Save the elephants from the threat of ivory consumption in Japan

In November 2008, based on the approval by the Convention on International Trade in Endangered Species of Wild Fauna and Flora (CITES), the auctions of ivory managed by the government of four southern African countries were held for exporting ivory to Japan and China. In 2009, 39 tons of ivory was exported to Japan which was part of the one-off sale approved by CITES for the first time after 10 years and with the strong requirement from Japanese and Chinese government and their ivory manufacturers. The consumption of the ivory name seal stump or "hankos" is expected to grow in Japan promoted by the ivory businesses. However, once the demand of ivory consumption increases, many illegal importers would flock to buy cheap poached ivory with high quality. There was the concern that elephant poaching and illegal ivory trade will increase after the sale.. Eventually, after the auction approved by CITES, rapid increase of ivory smuggling were reported in Africa and Asia. The amount of confiscated ivory was equivalent to about 1,600 elephants only in the period from March to May in 2009. But the amount of ivories which were crackdown and confiscated is said to be only the tip of iceberg, and the actual number would be more than 11,000. We assume that the revealed rate may be only 15%.
The elephants poached for their tusks were 100% killed. We can clearly say that we, Japanese consumer have the responsibility for the elephants fate.
"If we don't buy, they wouldn't be killed."

Japanese involvement to the ivory trade
The trade history shows that Japan started to import ivory around 6th century from China in the form of ornaments. The old ivory products were collected in Shosoin, an Imperial Treasury built in the eighth century, in Nara. However, in 16 century, it seems that the ivory was imported as raw material and ivory manufacturing began in Japan. Around that time they were consumed only by limited number of people. After that, Japan broke off relations with the outside world and ivory import was suspended. However, after the resumption of import with limited number of countries, the demand of ivory was increasing and the ivory products such as charm, comb, chopsticks and tea pot were consumed by wealthy people. In and after the Meiji era(1868-1912) , the import volume of raw material ivory had been going up.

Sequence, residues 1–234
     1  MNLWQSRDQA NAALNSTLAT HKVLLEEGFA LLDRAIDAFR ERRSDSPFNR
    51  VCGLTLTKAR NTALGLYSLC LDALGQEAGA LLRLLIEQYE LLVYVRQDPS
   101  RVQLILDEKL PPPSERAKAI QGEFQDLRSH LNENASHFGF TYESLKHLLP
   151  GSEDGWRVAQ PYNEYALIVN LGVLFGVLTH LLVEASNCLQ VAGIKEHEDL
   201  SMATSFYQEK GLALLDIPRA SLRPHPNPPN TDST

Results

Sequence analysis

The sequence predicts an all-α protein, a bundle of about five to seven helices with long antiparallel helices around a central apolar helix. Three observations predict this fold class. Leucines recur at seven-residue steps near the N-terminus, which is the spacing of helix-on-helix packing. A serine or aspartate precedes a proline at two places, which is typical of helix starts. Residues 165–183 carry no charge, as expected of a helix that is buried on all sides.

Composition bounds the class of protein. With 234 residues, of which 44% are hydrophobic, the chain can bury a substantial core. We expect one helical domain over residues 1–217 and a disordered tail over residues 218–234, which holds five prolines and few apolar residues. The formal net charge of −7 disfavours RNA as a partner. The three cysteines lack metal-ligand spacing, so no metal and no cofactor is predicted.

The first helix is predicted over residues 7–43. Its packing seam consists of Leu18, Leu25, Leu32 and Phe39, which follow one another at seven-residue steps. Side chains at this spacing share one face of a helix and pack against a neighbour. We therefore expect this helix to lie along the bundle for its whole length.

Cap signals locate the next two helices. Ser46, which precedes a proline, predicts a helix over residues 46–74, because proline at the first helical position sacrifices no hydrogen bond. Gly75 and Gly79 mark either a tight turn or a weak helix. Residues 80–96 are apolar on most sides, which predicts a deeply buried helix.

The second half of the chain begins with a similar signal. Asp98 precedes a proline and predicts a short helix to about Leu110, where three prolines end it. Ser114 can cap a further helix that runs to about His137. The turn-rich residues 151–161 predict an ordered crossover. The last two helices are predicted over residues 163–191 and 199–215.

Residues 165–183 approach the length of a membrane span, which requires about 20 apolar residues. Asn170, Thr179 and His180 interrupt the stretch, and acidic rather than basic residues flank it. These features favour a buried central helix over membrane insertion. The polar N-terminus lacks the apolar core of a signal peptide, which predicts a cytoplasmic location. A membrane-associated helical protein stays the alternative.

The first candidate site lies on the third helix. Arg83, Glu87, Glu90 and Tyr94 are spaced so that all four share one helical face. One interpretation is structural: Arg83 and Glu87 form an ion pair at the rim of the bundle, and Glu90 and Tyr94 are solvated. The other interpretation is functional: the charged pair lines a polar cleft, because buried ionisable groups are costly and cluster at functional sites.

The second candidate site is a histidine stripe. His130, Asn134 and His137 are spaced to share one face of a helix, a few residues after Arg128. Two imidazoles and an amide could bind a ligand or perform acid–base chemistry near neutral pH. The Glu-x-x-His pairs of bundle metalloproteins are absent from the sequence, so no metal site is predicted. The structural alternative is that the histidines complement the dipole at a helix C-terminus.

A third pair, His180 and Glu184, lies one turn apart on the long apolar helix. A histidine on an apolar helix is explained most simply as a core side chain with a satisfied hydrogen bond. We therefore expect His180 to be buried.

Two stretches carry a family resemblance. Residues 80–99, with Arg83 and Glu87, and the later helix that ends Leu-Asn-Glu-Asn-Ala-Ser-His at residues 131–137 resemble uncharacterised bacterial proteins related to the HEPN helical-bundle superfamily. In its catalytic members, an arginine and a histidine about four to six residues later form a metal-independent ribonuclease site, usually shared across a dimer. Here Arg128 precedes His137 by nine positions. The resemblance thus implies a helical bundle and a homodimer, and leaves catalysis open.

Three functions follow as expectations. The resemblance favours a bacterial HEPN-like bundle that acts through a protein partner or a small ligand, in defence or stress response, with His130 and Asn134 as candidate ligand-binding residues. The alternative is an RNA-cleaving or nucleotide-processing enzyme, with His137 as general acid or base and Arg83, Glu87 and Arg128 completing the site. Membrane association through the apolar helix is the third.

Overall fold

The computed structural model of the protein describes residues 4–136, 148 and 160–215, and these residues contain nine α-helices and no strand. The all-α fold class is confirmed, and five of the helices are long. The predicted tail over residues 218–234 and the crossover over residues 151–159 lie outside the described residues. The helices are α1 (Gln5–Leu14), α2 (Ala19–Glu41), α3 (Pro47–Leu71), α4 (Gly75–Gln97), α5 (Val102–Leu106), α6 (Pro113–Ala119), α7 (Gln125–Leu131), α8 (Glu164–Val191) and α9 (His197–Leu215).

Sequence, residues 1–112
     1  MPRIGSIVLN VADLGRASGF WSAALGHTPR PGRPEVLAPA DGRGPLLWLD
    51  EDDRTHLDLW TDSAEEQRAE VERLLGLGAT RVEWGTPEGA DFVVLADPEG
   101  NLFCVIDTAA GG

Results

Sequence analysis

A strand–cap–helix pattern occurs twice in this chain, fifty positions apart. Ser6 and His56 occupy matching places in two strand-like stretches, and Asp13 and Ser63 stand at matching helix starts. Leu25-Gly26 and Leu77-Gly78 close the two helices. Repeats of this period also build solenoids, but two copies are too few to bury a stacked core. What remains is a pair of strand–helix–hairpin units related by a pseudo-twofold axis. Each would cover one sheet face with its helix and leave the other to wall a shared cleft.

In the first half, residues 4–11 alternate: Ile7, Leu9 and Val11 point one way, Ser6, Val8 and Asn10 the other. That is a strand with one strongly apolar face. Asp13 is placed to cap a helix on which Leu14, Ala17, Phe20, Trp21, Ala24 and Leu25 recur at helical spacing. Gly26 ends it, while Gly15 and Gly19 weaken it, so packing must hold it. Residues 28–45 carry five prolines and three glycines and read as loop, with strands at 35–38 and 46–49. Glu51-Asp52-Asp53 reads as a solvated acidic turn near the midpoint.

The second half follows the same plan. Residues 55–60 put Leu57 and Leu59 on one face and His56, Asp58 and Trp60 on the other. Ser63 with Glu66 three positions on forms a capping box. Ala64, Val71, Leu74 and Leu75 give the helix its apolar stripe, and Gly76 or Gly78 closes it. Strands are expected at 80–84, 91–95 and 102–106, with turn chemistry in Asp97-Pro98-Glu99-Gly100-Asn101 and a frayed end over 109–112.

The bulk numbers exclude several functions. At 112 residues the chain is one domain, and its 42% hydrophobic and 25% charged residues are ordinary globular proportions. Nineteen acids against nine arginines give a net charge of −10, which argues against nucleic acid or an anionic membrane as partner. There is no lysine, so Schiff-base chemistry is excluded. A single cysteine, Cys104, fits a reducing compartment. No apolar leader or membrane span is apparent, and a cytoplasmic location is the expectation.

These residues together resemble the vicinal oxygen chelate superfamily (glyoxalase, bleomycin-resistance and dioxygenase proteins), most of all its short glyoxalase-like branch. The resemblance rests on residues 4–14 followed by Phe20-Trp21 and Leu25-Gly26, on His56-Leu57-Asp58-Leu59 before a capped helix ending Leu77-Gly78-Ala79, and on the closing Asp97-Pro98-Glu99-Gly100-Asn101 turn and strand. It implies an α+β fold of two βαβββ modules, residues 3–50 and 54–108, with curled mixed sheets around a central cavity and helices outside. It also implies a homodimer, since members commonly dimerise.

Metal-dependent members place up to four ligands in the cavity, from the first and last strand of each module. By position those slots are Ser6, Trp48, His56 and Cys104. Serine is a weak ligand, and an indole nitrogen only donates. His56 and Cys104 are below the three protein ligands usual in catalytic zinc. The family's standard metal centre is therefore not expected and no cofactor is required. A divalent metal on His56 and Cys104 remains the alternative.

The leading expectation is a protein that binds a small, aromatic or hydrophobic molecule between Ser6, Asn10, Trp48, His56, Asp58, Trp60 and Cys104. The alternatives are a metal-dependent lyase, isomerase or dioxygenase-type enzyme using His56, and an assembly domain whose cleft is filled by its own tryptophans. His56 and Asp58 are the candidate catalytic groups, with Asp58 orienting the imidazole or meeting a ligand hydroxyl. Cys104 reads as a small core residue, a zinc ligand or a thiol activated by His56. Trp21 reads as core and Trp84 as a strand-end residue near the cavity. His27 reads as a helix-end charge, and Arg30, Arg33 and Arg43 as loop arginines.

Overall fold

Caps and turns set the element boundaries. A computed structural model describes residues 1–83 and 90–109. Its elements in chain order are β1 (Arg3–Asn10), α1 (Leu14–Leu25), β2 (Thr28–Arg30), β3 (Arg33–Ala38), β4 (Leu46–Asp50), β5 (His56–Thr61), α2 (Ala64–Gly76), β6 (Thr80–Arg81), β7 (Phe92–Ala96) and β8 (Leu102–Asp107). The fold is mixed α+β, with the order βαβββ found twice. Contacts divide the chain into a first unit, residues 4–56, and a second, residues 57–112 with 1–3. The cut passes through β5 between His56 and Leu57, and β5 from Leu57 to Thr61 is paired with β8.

Since the beginning of 1960's, the volume of ivory import increased because of the mass production of ivory products, especially "hankos". The averaged volume of raw material import was 255 tonnes in 1970's and 270 tonnes in 1980's equivalent to 10,000-20,000 animals. The figure became more than 470 tonnes in 1983 and 1984. The number of raw ivory imported legally by Japan from 1979 to 1988 was about 2,727 tonnes. This figure was equivalent to about 120,000 elephants. Japan became the largest ivory importer in the world ahead of the western nations and the other Asian nations. 60 percent of imported raw material was manufactured into "hankos" and about 2 million ivory "hankos" was manufactured every year in 1980's.